‘Acts of Desperation’ by Megan Nolan – Looking Back at Her Affair Seven Years Later

‘Acts of Desperation’ by Megan Nolan (2021) – 279 pages

‘Acts of Desperation’ is not a novel that you read for pleasure. It is a sad disturbing read. However its mercifully short chapters keep you reading. One hopes, for the author’s sake, this is not autofiction.

Ciaran was the first extremely good looking guy our unnamed first-person female narrator has dated.

“It was a strange experience for me going out with someone so objectively attractive. In public, I was split between taking childish pleasure in it and feeling terrified that people looked at us and were puzzled by the discrepancy.”

However Ciaran, handsome as he is, is a cold fish. All of her friends secretly or not-so-secretly hated him and thought he was bad for her. That should have been the tip-off for her not to get involved with him. However she likes the idea of this attractive guy as her boyfriend. Also Ciaran is still hung up on his old long-time girlfriend, Freja.

With “his natural coldness”, the best that Ciaran can do with her friends and relatives was to be “passably convivial”. Other times he is worse.

“I had chosen someone who was by nature indifferent and made it my project to make him love me.”

It is not like her life was perfect before she met Ciaran. She was into cutting herself and starving herself to lose weight already since she was an adolescent. When she started going to bars, she would get real drunk and pick up men for sex.

This is confessional self-obsessed fiction on the order of our Scandinavian writer Karl Ove Knausgaard. If you like his work, you will probably like ‘Acts of Desperation’. I must admit that I am not a fan of Knausgaard’s work, after having to struggle through ‘My Struggle’.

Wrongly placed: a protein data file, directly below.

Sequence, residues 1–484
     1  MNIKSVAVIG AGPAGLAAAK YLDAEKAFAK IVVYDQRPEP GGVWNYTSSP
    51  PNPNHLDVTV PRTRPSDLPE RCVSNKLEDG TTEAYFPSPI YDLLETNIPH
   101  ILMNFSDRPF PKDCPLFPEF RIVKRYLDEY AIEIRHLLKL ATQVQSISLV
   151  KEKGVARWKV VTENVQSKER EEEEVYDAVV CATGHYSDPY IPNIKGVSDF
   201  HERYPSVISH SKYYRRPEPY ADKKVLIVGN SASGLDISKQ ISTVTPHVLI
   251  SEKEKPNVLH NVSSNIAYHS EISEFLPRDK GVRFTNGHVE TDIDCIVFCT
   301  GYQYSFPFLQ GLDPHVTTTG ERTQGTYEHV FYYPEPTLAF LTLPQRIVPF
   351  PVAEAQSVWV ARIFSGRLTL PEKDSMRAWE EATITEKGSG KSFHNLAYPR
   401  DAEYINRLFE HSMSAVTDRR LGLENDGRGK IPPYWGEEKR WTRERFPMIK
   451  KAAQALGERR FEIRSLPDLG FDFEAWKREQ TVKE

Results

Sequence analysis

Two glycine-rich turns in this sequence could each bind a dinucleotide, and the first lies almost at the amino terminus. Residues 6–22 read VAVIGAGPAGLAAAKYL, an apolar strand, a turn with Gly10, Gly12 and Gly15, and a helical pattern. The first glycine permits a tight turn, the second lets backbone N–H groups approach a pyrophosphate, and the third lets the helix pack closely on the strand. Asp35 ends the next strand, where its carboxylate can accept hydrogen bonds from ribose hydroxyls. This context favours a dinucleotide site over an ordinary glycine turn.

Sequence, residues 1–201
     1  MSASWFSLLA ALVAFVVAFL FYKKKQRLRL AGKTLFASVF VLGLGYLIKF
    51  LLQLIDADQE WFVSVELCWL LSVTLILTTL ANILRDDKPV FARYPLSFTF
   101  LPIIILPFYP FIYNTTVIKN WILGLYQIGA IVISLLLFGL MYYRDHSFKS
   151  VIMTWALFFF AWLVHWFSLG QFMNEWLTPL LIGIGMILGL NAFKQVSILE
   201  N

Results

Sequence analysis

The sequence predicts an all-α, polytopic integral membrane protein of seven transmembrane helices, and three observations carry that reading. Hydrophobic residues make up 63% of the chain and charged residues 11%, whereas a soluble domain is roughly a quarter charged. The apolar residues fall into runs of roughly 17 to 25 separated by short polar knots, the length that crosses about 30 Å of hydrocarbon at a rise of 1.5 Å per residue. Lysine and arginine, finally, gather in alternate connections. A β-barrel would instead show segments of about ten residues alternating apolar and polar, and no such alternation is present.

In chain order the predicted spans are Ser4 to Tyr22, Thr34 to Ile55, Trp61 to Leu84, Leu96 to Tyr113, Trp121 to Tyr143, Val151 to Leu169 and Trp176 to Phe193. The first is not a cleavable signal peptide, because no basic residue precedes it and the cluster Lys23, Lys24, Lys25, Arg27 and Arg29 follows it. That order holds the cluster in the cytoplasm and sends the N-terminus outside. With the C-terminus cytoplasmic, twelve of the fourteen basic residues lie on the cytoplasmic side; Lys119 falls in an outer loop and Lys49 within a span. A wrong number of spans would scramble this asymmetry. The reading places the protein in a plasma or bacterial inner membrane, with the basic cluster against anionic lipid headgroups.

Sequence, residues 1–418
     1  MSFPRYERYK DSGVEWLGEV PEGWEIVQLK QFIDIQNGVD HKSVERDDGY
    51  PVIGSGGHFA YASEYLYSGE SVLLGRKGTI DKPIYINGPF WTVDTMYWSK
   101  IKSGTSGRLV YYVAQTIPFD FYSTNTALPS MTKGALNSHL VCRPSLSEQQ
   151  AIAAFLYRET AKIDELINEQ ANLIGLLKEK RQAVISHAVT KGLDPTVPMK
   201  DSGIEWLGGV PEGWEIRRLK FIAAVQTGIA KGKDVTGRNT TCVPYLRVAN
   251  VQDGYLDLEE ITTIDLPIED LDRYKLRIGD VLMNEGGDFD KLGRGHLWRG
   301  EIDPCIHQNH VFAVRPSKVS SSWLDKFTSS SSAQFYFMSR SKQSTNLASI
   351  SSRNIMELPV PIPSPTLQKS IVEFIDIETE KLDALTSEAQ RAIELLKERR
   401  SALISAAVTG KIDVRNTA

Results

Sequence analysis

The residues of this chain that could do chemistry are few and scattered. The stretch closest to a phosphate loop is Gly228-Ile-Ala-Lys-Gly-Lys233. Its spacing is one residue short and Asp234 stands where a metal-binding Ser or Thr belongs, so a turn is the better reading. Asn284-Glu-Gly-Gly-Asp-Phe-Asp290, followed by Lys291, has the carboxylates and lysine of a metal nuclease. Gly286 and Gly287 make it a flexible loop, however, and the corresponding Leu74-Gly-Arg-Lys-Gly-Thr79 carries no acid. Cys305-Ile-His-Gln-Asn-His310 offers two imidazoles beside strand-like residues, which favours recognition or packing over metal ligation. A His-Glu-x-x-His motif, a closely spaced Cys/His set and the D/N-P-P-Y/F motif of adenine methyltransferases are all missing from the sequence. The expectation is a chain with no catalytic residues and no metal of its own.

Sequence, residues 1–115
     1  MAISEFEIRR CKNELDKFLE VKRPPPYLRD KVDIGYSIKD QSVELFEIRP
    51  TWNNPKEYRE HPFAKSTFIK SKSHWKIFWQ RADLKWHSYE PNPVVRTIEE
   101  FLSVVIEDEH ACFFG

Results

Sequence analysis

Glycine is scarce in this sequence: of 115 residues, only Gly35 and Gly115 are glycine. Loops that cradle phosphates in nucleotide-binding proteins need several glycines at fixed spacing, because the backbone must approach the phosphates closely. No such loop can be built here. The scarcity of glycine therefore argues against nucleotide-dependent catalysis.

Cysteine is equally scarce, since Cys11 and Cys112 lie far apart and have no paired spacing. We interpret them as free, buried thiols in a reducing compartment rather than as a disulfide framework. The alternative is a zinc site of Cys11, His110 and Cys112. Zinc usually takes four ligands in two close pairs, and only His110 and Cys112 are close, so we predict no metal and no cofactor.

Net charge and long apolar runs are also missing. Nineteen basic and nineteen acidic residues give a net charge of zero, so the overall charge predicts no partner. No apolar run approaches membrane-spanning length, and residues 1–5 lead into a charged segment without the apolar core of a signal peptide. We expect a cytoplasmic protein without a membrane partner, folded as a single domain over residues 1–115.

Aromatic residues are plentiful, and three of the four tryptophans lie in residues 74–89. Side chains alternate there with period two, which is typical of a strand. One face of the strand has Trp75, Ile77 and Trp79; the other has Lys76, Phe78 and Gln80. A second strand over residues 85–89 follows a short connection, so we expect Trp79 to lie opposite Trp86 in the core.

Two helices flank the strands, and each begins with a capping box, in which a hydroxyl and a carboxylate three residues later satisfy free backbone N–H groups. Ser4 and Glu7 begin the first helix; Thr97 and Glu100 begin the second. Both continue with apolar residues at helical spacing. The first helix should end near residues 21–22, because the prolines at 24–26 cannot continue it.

Interspersed among all the short chapters about her oppressive two-year affair with Ciaran are short chapters she has written from her new home in Athens, Greece seven years later. She is looking back at this terrible time trying to gain some perspective from a distance.

At the novel’s end our female narrator seven years later wonders, “What would I think about, now that I wasn’t thinking about love or sex?”

Grade:    B

7 responses to this post.

  1. I am so tired of this kind of moaning navel-gazing. If it’s auto-fiction, I feel sorry for the author but not enough to want to read about it.

    Liked by 1 person

    Reply

    • Hi Lisa,
      I don’t know what you think of Norwegian writer Karl Ove Knausgard, but I consider him the Navel-Gazer-in-Chief. 🙂

      Like

      Reply

      • I can’t abide him. I was on Stu (Winston’s Dad)’s Shadow Jury for the old IFFP when the first one was nominated, so I felt duty bound to read the whole thing, and I loathed it. And what’s more, any time I see someone refer to him as Proustian, I cross them off my Christmas Card list.
        I am so hoping publishing will emerge from this misery-making phase soon.

        Liked by 1 person

        Reply

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